2016, he and his dad talked and they decided Luke would take over the sealcoating business and try to grow it. Up until then the sealcoating work had generated between $25,000 and $50,000 each year sealcoating only driveways. “I wanted to take it to the next level and create a brand and grow it,” Hay says. “I wanted to create our own image.” One of his first steps was to attend the 2016 National Pavement Expo. “It honestly changed my business,” he says. “I started seeing the potential of what I could do in this industry.” He says that while his dad was content to grow the sealcoating business slowly as an additional service provided to his landscape customers, Luke came back from NPE with a clear business plan and a way to reach his vision. First off he wanted to brand the company, to differentiate it from other contractors in the market and also from the landscaping company with which it was so closely associated. He painted the trucks black and orange, different from
Luke Hay credits some of his success to a network of local contractors he’s gotten to know over the last few years. “Some guys view it as competition but we figure there’s so much blacktop out there that there’s plenty of work for us and other contractors to do,” he says. “We differentiate ourselves from the others but we learn a lot from other contractors. If I drive by a contractor on a job I’ll often stop just to talk with them. I’ve learned a lot just by doing that and it also helps keep me informed about their local market. It’s always good to get someone else’s point of view.” He says developing local relationships also can help if a contractor finds himself in a bind. “One guy had a truck go down and he called us and asked if we could help him out and we did. That’s not going to happen if you don’t already have the relationships,” Hay says.
any other contractors, and he created a new logo. Hay Sealcoating’s crews are branded in orange and black uniforms, too. “So when we pull up on a site our customers know we’re on the site,” Hay says. “It doesn’t look like there’s a bunch of people wandering around; there’s a crew out there.” And the efforts have been successful in a short time. Sales went from $50,000 in 2016 to $300,000 in 2018 on a mix of 60 percent residential and 40 percent commercial work. From NPE he also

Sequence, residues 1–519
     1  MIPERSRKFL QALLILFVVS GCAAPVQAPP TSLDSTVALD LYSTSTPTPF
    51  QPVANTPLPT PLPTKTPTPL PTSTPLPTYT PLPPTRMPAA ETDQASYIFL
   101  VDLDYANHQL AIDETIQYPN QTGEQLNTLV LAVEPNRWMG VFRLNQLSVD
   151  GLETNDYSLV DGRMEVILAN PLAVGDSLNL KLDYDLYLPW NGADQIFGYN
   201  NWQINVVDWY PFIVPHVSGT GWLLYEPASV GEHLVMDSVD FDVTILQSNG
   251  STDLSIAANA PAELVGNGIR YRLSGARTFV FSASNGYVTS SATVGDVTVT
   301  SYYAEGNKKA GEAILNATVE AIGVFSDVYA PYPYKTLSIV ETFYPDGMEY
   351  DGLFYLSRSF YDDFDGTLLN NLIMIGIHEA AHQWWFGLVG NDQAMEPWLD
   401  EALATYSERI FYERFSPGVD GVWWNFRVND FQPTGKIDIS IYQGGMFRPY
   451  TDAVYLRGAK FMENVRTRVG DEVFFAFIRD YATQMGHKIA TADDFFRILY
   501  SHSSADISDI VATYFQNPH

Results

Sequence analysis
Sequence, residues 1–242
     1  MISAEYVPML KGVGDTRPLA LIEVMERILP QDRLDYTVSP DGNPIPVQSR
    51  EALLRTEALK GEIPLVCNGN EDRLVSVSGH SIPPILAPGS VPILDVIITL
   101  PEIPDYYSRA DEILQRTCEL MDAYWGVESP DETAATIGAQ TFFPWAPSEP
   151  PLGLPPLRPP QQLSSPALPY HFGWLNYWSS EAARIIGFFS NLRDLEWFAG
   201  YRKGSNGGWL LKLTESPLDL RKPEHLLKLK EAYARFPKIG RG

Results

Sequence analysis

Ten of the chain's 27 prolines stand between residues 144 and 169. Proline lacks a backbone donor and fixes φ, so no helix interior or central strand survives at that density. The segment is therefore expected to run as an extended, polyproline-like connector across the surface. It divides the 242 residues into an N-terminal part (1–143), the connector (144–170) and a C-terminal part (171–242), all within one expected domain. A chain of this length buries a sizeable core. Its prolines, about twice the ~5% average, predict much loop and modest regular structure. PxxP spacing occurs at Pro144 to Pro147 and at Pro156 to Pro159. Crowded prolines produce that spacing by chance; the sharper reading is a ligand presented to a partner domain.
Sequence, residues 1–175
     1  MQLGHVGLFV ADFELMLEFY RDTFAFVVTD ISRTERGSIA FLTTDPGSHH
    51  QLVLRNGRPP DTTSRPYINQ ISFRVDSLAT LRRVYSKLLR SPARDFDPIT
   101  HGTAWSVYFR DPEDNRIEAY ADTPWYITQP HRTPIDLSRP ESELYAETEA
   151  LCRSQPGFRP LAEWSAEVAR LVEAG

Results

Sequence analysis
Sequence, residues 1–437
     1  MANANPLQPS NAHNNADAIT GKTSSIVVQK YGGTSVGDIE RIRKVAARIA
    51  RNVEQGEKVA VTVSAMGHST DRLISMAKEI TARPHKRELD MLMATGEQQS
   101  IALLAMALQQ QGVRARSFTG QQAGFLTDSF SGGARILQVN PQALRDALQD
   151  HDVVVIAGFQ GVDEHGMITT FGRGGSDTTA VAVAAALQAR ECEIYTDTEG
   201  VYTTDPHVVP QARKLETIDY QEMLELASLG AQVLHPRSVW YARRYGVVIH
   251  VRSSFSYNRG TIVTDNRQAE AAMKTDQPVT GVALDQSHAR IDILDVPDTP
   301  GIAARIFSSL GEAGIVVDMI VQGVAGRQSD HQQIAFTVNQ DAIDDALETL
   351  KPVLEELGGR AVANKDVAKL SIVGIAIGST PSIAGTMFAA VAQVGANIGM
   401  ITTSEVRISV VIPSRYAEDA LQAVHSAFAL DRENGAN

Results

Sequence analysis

18 March/April 2019 • PAVEMENT • www.ForConstructionPros.com/Pavement
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learned about additional services he now offers, such as hot pour crack sealing, striping, and infrared repair which now generates 15 percent of their revenue. “We’re getting to where we want to be,” he says. “We have aspirations to get into paving and expect that in the next couple of years we’ll be doing our own paving.”
Adjusting to the Elements The job at Chester County Juvenile Detention Center included 2,200 linear feet of hot pour crack sealing, sealcoating and striping 75 parking stalls. Scheduling was a challenge because the lot had to remain open 24 hours a day, seven days a week all year round because of guards changing shifts as well as intake and discharge of prisoners. Despite the fact that weekends are busy because of visiting days, Hay decided to divide the lot in half and complete the entire job in two consecutive weekends. “The plan was to start Friday night with the hot pour crack sealing, then spray two coats of sealer the next day, and follow up with striping on Sunday,” he says. “So we planned 2 ½ days for each half and the plan was to do it on consecutive weekends.” Hay Sealcoating sprayed 1,800 gallons in two coats of a concentrated refined coal tar sealer. Their typical mix design is 70 percent sealer, 30 percent water, 1 percent quick dry additive and 3-5 pounds of silica sand per gallon of sealer. Hay was particularly concerned about the sealer drying properly considering the cooler temperatures and less sun due to fewer daylight hours. Even though the daytime high temperature was 50° F – the lower end of most sealer producer’s recommendations – Hay Sealcoating sprayed their material. “But we now know there are things we can do to make us successful in that situation,” he says. One thing, he says, is to be lucky. “If you can have it be a little windy that can be a big help,” he says. “We had some nice wind.”
Hay Sealcoating Differentiators Luke Hay says that from the start he wanted to differentiate his Hay Sealcoating from the completion. In addition to selecting black and orange as company colors, he relied on other differentiators, too. • A person answers all phone calls. “If for some reason calls go to voice mail those calls get returned within 48 hours at the latest,” Hay says. “We talk with people all the time who’ve left messages with other contractors but who never got a call back. That’s not us.” • Quick bids using geographical software. “A few years ago not a lot of people were measuring using geographical software and that was a real differentiator for us,” he says. “It enabled us to turn bids around so quickly, way quicker than anyone else.” • Bids showing property details and measurements. “We can show customers right on a piece of paper the square footage and the number of lines and they can see it. They can see that the number on the map is the same number as in our estimate and that gives them a little more reassurance. It helps give them a level of trust,” he says. “We’ve learned that when you’re that black and white with people it’s hard for you to fail.”